“More on these events as they develop.”

Habitation Complex #62

Groaning, Aratron rocked from side to side, trying to find some relief from the ache in his axles. His suspension squeaked unpleasantly. The ache persisted. In fact, it got worse. He was just debating whether powering down again would go some way to speeding up his internal repairs when the shift alarm boomed through the complex, the lighting strips automatically switching themselves up to full.

Swearing enthusiastically, he transformed, scrambling to activate the energon dispenser before it was shut off for the morning. In the process, he managed to land several resounding kicks against Gauun’s side. Jerking online with a yell, he too transformed, flailing for balance as sluggish gyros failed to properly register the change in shape. The combination of scrambling, flailing and a habitation pod that could only comfortably house two mechs if they wedged themselves in in vehicle form resulted in a loud crash and a pile of twitching limbs.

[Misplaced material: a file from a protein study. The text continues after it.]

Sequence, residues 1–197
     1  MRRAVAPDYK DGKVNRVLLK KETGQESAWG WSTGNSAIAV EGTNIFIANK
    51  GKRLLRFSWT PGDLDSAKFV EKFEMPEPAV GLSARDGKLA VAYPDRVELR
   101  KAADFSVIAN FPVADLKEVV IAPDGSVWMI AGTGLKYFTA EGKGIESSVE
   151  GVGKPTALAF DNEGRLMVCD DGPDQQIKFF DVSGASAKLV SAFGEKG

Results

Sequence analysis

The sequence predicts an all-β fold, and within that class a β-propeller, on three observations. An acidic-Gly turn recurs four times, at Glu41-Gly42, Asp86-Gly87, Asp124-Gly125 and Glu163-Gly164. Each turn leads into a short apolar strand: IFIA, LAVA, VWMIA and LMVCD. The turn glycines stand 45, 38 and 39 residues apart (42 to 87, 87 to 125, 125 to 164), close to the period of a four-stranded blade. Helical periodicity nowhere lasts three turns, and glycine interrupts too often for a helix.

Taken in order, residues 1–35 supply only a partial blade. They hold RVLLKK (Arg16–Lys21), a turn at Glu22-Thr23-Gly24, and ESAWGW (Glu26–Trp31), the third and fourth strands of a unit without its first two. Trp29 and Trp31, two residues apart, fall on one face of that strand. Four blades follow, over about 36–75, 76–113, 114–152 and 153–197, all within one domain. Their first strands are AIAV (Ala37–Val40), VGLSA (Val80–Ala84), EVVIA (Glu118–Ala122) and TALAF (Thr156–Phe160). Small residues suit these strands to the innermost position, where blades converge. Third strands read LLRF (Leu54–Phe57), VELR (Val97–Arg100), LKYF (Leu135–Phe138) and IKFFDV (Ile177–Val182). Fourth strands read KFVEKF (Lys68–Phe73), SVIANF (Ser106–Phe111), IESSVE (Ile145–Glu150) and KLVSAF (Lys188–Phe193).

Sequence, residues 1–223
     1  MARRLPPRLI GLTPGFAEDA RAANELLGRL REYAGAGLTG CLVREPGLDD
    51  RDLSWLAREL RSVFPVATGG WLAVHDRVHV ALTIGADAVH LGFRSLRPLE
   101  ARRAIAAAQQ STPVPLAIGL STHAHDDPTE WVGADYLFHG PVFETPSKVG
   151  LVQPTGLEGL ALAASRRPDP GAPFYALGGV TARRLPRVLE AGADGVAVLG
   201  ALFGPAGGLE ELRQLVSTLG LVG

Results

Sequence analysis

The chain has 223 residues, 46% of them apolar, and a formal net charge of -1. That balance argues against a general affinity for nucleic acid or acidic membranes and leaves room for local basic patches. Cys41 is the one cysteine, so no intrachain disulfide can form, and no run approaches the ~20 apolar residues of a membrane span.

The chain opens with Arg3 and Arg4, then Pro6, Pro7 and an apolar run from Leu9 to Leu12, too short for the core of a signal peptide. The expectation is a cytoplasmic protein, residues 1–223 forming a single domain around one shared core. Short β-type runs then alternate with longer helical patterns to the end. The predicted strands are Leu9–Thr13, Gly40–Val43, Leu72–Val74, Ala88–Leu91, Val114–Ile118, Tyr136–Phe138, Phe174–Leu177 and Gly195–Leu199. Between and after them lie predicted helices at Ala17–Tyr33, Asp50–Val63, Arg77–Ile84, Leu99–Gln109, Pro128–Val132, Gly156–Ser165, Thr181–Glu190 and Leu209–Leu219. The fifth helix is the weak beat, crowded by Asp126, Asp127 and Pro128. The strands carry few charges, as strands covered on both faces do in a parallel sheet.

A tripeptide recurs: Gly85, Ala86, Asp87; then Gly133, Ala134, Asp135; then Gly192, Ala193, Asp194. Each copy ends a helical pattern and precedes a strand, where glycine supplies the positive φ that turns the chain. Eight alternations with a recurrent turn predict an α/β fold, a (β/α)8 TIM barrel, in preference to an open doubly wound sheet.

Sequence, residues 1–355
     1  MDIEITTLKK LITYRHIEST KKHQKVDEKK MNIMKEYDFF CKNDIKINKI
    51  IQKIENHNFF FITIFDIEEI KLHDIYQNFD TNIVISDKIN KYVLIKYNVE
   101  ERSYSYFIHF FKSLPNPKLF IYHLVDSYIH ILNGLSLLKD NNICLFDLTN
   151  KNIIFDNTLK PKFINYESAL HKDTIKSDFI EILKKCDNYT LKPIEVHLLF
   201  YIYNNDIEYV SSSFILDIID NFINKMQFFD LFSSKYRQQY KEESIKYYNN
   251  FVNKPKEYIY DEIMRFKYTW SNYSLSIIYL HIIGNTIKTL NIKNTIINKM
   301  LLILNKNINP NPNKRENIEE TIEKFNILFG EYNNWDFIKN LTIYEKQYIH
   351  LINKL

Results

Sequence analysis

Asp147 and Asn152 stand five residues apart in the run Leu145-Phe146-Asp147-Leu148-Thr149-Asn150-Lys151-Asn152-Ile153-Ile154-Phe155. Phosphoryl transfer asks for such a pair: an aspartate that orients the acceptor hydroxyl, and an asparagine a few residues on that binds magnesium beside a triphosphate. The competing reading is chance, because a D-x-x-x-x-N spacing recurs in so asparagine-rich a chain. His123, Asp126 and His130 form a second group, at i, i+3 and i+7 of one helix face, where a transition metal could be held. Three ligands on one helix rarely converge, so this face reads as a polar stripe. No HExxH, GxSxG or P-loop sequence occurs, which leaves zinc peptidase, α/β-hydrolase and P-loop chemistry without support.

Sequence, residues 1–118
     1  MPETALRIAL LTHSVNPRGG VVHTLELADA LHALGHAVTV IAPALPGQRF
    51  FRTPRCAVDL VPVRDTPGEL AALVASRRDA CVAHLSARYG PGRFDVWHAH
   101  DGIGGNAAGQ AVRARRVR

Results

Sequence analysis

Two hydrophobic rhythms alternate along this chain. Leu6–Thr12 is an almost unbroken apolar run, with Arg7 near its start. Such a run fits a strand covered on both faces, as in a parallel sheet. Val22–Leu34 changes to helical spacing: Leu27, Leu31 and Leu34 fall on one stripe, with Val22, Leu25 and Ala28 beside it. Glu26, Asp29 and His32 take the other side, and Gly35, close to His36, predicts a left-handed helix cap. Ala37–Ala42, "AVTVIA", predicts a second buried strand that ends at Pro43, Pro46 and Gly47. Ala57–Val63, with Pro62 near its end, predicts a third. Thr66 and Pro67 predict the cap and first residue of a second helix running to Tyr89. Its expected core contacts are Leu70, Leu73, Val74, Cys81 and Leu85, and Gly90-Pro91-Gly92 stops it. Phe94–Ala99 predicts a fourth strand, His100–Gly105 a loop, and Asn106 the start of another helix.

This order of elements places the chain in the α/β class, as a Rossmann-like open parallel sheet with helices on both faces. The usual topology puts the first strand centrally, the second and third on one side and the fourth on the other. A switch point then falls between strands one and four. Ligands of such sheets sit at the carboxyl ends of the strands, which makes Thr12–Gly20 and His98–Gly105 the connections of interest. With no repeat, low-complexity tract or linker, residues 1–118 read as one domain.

“Thank you.” Aratron’s voice drifted up from somewhere near the floor. “I really didn’t think we got enough dents from being thrown over a cliff last night.”
“Oh, quit complaining,” Gauun retorted, pulling his leg out from under his friend, “It wasn’t really a cliff. More a wall. And anyway, you can’t say it wasn’t worth it for the looks on their faces. Bunch of stuck up dipsticks. They think that was a good time? Never been to a decent rave in their lives. Too busy over-revving in their luxury apartments. Alone probably. Well, we showed ‘em, didn’t we? Proper fun, that’s what we have, the kind they’re too afraid to have –”
“You got sloshed and smashed a sculpture.” Aratron shoved his friend off and stood up. “Access: Ara Mech Tron Verous Klyda,” he growled at the squat box set into the wall, “Dispense morning ration.”